The Howard Hughes Medical Institute (HHMI), the Simons Foundation and the Bill & Melinda Gates Foundation have given Cole Haynes, Ph.D., an associate professor of molecular, cell and cancer biology, an award for his work on mitochondria and aging.
Besides Haynes, 84 other faculty scholars, who showed potential to make innovative contributions to their fields, were awarded the early-career scientists’ prizes. Haynes will receive $900,000 over the next five years as part of the $83 million program.
“I am thrilled and certainly grateful that HHMI, along with the Simons and Gates foundations, have recognized my lab’s work dealing with cellular adaptations to mitochondrial dysfunction,” Haynes, who recently joined Memorial Sloan Kettering Cancer Center in New York City, said in a press release. “The award will allow us to expand our research into how deleterious mitochondrial genomes accumulate and contribute to aging and cancer,” he said.
In the past 20 years, the United States has witnessed a visible decline in National Institutes of Health (NIH) research award success rates for scientists, as well as an increase in the average age at which scholars are successful in receiving their first individual grants. This has led to a more uncertain trajectory in scientific careers. The HHMI, Simons & Gates joint program is an effort to create a faculty scholars program that responds to growing concerns about the significant challenges early-career scientists face.
With this funding Haynes will investigate how deletions in mitochondrial DNA, which typically make less than 1% of mitochondrial genome population in a cell, accumulate over time and may lead to aging. He currently is investigating the sensors and tools used by cells to monitor mitochondria and, when defective, the strategies cells use to ensure cell survival and mitochondrial recovery.
“There aren’t a lot of models for studying this,” Haynes said. “This funding will allow us to take some chances on some long-term projects that we might not have done otherwise.”
Throughout his career Haynes has focused on how cells and organisms adapt to mitochondrial dysfunction. Mitochondrial are the cell’s small power plants that are responsible for many cellular activities, as well as the primary source of energy for the cell. Effects of aging often are linked back to breakdown in mitochondrial function. Mitochondrial function also is connected with some metabolic disorders, however, such as Parkinson’s disease, bacterial infections, and certain cancers.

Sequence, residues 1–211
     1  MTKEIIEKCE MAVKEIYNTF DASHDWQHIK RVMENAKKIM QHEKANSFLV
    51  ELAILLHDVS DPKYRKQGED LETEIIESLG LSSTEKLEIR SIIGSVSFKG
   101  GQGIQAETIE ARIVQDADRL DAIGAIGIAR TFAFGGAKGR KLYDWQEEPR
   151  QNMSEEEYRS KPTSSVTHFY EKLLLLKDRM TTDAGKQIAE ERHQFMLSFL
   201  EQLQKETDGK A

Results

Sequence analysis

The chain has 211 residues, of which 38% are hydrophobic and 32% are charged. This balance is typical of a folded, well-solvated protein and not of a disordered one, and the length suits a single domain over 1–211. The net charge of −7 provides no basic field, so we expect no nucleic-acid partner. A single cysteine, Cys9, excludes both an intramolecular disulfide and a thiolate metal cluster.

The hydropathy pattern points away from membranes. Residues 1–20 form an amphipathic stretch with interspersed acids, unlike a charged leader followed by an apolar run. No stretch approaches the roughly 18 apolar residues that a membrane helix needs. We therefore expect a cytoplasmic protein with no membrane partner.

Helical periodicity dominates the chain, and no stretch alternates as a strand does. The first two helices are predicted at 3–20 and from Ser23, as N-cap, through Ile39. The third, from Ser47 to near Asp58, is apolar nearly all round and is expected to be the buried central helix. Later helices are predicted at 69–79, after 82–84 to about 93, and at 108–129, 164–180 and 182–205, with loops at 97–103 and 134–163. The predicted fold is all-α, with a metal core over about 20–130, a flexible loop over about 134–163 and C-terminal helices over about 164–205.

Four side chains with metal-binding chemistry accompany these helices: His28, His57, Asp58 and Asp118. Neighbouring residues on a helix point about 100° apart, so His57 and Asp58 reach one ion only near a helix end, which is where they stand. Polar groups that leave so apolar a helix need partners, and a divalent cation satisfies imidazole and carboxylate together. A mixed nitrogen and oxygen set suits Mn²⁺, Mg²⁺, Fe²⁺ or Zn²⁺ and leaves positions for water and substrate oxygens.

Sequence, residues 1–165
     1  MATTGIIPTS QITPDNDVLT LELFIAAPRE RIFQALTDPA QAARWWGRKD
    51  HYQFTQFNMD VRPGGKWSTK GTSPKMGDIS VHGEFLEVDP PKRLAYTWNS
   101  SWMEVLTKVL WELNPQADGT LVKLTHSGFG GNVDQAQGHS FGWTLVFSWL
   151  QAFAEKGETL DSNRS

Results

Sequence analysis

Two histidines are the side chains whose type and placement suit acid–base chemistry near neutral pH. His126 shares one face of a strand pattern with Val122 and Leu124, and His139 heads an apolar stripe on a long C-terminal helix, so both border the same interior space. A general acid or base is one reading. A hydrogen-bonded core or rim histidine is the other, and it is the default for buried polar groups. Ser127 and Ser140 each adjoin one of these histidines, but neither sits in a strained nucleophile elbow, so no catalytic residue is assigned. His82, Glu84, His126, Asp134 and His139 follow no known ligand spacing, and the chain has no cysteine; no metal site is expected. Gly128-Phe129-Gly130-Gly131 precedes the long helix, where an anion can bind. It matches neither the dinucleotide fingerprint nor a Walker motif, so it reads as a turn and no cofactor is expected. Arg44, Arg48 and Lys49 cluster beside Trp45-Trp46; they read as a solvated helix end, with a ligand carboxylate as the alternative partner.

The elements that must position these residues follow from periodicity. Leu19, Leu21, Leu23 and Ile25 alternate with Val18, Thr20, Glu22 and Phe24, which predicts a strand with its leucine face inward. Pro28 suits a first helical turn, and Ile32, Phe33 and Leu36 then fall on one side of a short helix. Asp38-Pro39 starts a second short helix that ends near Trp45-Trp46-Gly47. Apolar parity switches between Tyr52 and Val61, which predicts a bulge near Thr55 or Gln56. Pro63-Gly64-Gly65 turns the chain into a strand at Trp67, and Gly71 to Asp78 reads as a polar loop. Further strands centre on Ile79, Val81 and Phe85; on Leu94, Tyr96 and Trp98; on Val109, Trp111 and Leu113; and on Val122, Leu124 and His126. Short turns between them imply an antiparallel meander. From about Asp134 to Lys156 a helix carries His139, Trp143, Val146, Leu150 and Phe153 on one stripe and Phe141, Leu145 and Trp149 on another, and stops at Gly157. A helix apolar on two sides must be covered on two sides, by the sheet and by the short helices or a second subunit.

“Dr. Haynes’ highly original work on the role of mitochondrial DNA in normal aging and in disease is of keen interest both to basic science and to medicine,” said Terence R. Flotte, MD, the Celia and Isaac Haidak Professor of Medical Education and executive deputy chancellor, provost and dean of the School of Medicine. “Over time, most mitochondrial gene functions have been superseded by nuclear-encoded genes. The 13 genes whose functions remain encoded in mitochondria are exceptionally critical, or else there would not have been such strong evolutionary pressure for these genes to remain there. This award demonstrates that the best way to cultivate foundational science like this is to invest in scientists like Dr. Haynes,” Flotte said.
Early-career scientists who have between four and 10 years of experience as faculty members are eligible to apply for this competition. Applicants are judged for their potential for significant research productivity and originality, and by the results of their independent research program and future research plans.
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